Babe Lovell was trying to kill himself. He was trying to cave in his own skull against a nearby rock but no matter how much he flailed his head, he couldn't reach it.
This is how the Canadians fought in Italy during WWII: slogging over hill and mountain from one tiny village to the next with nothing but their determination and the worn out equipment cast off by other armies. Doing the dirty work of fighting house to house, room to room, hand to hand while no one helped, watched or, as far as they could tell, cared. Relentlessly ever pushing north, forcing the Germans back.
This is how Babe Lovell found himself fighting for his own death: wide awake and trapped under the rubble of an exploded house, his shoulders pinned under the weight of a heavy wooden beam, his legs pinned under another, his body twisted, broken and bleeding, while fire slowly burnt off his feet and legs. Somewhere above him, through the smoke and dust, wood and stone, his mates and the German soldiers they had encountered were blasting machine guns at each other, oblivious to his screams of agony.
Was this God's punishment for Babe's misspent youth? At sixteen, Babe had heaved a teacher through a glass door at school. He'd had the strap so many times as a boy, he finally stole it. Was this payback for the Italian farmer he had shot and killed during a street fight? Or maybe it was the German soldier he had killed a few days before Christmas of '44. But Babe was already punishing himself for that one. He had plundered the dead man's pack only to discover a letter and toys for the dead German soldier's children. The guilt that came with the realization that his enemy was just a man like him on the other side of this war was punishment enough.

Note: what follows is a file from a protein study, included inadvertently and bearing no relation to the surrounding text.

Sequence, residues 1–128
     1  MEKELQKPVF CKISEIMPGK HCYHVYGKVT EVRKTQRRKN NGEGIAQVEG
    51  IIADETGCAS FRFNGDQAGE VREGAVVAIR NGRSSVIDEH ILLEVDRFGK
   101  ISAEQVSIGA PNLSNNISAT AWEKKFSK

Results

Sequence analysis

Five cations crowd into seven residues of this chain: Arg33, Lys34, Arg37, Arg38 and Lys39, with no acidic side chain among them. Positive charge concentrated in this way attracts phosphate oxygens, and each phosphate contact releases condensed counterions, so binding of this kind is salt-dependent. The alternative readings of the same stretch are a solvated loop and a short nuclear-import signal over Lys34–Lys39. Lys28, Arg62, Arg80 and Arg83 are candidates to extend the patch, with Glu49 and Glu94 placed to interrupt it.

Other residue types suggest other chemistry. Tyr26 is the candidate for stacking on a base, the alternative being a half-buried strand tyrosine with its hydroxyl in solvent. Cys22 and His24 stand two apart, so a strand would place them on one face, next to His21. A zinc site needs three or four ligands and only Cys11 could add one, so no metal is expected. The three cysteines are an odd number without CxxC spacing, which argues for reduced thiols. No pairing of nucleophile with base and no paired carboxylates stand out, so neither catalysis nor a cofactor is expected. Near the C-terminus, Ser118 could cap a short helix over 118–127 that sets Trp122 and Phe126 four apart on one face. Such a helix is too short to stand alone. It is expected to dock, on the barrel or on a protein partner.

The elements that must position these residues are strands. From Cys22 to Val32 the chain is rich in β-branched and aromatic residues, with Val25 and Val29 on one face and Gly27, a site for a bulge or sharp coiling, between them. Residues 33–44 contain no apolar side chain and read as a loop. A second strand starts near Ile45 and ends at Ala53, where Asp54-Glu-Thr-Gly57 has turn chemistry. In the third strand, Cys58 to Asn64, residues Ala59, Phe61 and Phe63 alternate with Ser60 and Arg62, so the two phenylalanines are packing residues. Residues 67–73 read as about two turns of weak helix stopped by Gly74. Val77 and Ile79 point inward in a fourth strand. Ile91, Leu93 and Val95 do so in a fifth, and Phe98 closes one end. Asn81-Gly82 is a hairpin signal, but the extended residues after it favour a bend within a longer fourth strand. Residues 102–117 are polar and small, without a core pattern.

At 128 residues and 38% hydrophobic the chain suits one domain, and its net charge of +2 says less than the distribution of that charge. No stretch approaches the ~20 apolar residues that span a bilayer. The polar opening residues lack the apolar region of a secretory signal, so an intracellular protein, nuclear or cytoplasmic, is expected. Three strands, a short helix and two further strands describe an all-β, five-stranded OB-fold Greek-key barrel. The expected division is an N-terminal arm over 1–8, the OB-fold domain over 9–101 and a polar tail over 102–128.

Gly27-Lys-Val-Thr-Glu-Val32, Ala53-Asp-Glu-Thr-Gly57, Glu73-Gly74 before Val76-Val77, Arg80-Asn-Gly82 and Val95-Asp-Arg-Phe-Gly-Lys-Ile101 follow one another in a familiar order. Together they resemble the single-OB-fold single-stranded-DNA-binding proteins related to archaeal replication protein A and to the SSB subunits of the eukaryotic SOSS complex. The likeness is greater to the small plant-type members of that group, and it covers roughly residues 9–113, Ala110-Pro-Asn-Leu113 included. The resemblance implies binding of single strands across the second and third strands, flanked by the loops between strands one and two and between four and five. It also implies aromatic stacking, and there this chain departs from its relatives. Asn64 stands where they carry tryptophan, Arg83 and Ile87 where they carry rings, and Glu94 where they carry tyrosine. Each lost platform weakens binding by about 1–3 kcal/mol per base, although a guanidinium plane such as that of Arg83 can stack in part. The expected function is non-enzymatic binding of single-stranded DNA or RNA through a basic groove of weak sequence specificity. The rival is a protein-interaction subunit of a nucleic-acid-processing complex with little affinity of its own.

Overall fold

How much pain can one man bear? It depends on the man and, more important than his physical strenghth, it depends on his strength of will. Babe's legs burned for more than an hour before the Germans retreated and a Canadian scout could search for survivors. First he poured buckets of water down through the rubble where the screaming was coming from, then the digging began.
Babe Lovell had spent his whole life in one fight or another and had whipped pretty much anyone and anything that had come at him, but in the end he was beaten by a girl. When May finally found him at the hospital back in England he would not return her embrace. "You can't marry me," he said. "Not like this. Its all changed. I'm a cripple. You shouldn't have come. You'd better go now."
It might have ended there, but Babe had underestimated May's stubborn determination. Though she left the hospital in sadness and confusion, she was back the next day and this is what she said: "Babe Lovell, we are getting married. I love you, and I don't care what you say."
It can be difficult for those of us who have lived only in peaceful lands to fully realize how much others have endured on our behalf. As this Thanksgiving weekend approaches, let's take a moment to appreciate the sacrifices of those who know what it is to live life during wartime.
* The accompanying art by Noel Sickles is provided courtesy of Josh Sheppard but was first clipped by AD Don Smollen, who then gave them to Star Wars poster illustrator, Tom Jung, who passed them along to Josh. Josh would like to give credit to Don's 40 years of collecting great classic illustration. You can see these images at full size in my WWII Flickr set.